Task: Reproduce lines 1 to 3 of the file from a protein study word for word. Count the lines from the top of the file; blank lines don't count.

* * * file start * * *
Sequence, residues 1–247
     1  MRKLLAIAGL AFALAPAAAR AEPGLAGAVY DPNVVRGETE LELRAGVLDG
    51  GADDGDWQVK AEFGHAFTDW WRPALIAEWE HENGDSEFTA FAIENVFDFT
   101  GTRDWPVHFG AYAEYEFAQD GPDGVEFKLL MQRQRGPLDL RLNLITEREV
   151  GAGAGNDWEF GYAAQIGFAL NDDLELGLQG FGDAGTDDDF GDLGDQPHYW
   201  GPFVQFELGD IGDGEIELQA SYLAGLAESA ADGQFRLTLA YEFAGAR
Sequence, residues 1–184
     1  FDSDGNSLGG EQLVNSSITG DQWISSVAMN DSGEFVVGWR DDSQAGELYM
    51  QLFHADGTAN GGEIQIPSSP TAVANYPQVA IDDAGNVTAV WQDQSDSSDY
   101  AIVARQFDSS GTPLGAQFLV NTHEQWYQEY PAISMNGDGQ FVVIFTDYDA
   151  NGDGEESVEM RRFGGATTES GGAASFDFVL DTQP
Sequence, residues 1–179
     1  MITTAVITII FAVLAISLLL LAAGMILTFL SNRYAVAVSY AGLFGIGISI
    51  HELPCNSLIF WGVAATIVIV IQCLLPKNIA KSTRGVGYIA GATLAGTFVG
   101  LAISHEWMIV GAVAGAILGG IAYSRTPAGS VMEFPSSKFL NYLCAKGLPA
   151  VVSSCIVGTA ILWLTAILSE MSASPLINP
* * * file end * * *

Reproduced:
Sequence, residues 1–247
     1  MRKLLAIAGL AFALAPAAAR AEPGLAGAVY DPNVVRGETE LELRAGVLDG
    51  GADDGDWQVK AEFGHAFTDW WRPALIAEWE HENGDSEFTA FAIENVFDFT